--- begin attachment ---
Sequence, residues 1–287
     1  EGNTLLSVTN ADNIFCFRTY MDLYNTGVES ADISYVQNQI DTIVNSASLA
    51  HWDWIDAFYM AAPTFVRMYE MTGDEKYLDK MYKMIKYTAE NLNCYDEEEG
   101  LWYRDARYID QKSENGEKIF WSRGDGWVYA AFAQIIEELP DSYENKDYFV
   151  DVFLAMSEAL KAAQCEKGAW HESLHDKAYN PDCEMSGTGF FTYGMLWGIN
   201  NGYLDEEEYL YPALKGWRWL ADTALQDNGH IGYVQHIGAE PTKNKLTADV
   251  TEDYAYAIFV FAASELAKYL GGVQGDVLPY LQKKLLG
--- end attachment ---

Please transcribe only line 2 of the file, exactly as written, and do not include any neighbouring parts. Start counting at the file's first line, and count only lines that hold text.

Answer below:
     1  EGNTLLSVTN ADNIFCFRTY MDLYNTGVES ADISYVQNQI DTIVNSASLA